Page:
For Mickey Kirsten, blowing up stunt people and controlling the weather are all in a day’s work. I first met the special effects coordinator last October during The Prisoner shoot in Namibia where I was acting as multi-media producer for AMCtv.com. At the time, Mickey showed me his favorite blood-squirting tricks, the most film-friendly explosives and a few pieces of Special FX paraphernalia. Now that the show is in post-production, we met again in a quiet cafe in Cape Town where he explained (among other things) why traditional effects are often better than CGI.
Q: It amazes me that they still blow up people in movies. Why don’t they use CGI?
A: No way! Water, fire and explosions always look much better if they’re real. Unless a lot of money goes into computer graphics, they just don’t crack it — it looks fake.
Q: I saw some overhead shots of Six walking through the desert with sand blowing in these crazy patterns. Was the camera crew just lucky that day?
A: We did that for [visual FX supervisor] Ben [Shepherd]; we gave him elemental sand blowing over the dunes. Nothing is by chance. Everything is planned and controlled, even the weather. We used big wind machines for that effect. Ten meters from the blade wind speeds can go up to 80 kilometers per hour.
Q: And the rocks?
A: We make urethane rocks — the rocks are foam or rubber, whatever the case may be.
Q: Rubber rocks? Don’t they bounce unrealistically?
A: You have to weigh them down carefully and get a happy medium. I get Rob Carlisle from CFX to make them. I use Rob a lot. Those guys really are good.
Q: And what about the blood?
A: My partner [Vasili Ringquest] makes the blood…We’ve got a recipe. Let me tell you something, you can buy blood from Hollywood — it’s called “Hollywood Blood” – and if you can see the difference between our blood and theirs… Well, you can’t. You import Hollywood Blood at a phenomenal price. There’s just no way you can tell the difference.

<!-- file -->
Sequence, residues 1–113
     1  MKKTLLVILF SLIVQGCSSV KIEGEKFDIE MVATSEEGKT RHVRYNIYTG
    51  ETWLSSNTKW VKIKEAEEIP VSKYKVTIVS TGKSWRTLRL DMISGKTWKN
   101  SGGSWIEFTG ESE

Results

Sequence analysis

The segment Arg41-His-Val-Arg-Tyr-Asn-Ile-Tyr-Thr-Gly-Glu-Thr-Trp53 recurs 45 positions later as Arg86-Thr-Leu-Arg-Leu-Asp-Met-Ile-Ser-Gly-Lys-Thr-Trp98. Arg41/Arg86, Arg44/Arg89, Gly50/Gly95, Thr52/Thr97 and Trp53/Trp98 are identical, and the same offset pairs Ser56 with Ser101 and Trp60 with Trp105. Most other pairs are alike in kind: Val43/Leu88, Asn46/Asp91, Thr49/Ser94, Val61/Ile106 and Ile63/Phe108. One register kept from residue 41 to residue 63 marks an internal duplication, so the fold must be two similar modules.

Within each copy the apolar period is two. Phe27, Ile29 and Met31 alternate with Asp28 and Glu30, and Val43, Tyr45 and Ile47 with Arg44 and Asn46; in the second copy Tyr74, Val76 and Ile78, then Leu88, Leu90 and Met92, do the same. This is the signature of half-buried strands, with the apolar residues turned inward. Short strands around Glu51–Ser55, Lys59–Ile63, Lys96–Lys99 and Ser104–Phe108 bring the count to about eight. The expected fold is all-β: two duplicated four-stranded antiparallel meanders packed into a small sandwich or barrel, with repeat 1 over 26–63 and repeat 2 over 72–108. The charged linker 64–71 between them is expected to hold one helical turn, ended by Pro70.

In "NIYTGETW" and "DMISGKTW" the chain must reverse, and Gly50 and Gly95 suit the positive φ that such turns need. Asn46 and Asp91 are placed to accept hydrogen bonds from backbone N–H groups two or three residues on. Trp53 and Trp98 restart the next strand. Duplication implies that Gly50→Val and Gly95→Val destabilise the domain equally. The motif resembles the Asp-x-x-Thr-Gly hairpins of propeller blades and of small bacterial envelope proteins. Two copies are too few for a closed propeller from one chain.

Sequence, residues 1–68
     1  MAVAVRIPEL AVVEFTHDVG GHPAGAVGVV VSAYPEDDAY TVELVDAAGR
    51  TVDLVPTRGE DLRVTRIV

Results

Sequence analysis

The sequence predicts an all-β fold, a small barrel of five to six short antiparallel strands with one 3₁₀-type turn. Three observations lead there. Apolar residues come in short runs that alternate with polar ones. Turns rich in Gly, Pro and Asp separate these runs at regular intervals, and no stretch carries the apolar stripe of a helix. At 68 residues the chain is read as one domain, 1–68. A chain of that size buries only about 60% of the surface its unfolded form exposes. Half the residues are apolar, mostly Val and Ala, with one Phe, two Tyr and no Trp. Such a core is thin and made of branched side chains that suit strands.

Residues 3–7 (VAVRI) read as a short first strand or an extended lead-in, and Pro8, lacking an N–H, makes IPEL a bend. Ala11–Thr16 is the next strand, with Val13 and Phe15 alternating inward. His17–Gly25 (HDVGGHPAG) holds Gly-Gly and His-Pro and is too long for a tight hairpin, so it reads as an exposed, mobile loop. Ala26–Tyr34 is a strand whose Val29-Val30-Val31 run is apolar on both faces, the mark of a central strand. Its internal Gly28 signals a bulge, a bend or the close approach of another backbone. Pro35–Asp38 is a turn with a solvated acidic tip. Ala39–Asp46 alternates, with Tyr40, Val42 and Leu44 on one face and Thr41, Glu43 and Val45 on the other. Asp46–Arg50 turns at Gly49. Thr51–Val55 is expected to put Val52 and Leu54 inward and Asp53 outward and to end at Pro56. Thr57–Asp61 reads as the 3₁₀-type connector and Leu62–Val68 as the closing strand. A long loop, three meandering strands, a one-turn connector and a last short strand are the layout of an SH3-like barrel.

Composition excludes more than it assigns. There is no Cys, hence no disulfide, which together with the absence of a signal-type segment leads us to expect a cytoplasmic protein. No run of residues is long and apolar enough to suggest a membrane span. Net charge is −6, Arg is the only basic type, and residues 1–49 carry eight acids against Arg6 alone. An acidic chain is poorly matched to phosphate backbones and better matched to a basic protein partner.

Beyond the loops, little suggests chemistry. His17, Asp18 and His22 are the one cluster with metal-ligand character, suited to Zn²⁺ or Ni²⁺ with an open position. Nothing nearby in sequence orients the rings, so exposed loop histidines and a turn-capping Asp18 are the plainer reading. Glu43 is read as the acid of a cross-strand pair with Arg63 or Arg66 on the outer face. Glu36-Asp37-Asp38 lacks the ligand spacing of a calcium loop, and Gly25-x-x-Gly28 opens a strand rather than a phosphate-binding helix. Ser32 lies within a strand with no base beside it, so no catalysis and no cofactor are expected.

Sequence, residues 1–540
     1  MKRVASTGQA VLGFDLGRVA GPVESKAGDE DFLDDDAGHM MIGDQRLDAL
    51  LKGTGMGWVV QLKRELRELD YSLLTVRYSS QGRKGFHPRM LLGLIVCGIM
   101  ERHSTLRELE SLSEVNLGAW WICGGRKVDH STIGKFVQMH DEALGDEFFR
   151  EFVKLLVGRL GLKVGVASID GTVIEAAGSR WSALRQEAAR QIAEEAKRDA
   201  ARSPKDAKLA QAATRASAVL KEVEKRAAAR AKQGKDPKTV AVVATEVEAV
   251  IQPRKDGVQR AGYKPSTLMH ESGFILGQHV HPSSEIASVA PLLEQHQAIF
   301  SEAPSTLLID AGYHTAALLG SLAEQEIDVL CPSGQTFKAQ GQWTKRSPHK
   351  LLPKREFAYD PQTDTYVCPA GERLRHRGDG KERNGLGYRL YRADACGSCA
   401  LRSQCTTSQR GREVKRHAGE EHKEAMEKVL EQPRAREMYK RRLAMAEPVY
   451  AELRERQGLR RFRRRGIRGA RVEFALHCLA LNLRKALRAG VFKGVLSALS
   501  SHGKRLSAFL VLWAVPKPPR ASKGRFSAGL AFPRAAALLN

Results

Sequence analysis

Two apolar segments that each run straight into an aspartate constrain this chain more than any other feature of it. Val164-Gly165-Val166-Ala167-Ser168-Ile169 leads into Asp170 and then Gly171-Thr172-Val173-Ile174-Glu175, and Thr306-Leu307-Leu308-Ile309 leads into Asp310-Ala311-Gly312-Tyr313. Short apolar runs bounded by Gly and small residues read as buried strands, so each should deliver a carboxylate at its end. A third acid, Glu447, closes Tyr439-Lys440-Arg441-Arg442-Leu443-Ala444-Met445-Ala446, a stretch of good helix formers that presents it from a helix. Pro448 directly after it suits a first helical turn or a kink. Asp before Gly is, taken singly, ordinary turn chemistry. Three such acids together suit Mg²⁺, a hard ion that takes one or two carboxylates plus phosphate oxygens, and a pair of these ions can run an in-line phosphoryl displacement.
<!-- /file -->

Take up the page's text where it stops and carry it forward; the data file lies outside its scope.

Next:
Q: What’s your secret ingredient?
A: Golden syrup. [Golden syrup is a type of sugar syrup popular in South Africa.] There has to be golden syrup. And also some glycerine. Strangely enough, there has to be some blue. We put blue color into it to give it that dark, rich look […] It’s quite interesting: In different light and at different temperatures, blood looks different. So we have to know before we make it what the shooting conditions are going to be. Otherwise, it will look fake.
Q: That’s a lot of preparation.
A: That’s the thing with special effects though. You can work on stuff for hours in the workshop until it looks perfect, but then when you go out there — everything’s different. And it doesn’t matter if you’ve done it ten times in the workshop and it worked great. So you have to learn how to adapt on the spot and make it work on the day. Experienced directors and ADs understand that.
Q: How long have you worked in SFX?
A: Sixteen years. I used to be a commercial diver. And then I got a job to go dive for Max Poolman. He’s like my father. The cleverest man I know. I apprenticed for him. I was with him for eight years.
Q: What advice would you give aspiring SFX artists?
A: Who doesn’t want to get to make toys and then blow them up again? I studied for seven years, but you don’t really have to. I did physics, maths, chemistry, hydraulics, building construction, explosives, etc. But the best thing to do is just apprentice.
Q: What are the job requirements?
A: You must be prepared for long hours, about 16 to 18 hours a day. A lot of guys that come in and try out last for about three or four days and then they’re gone. It’s not like lighting where you come in, set up and then go home. If you’re not in front of the camera, you’re in the workshop building stuff. You have to constantly come up with new ideas. The hours are really tough. And it can be dangerous if it gets out of control. A few of my friends are either dead or have hands that have been blown up or injured in some way. You can’t rush. You can’t panic.Read More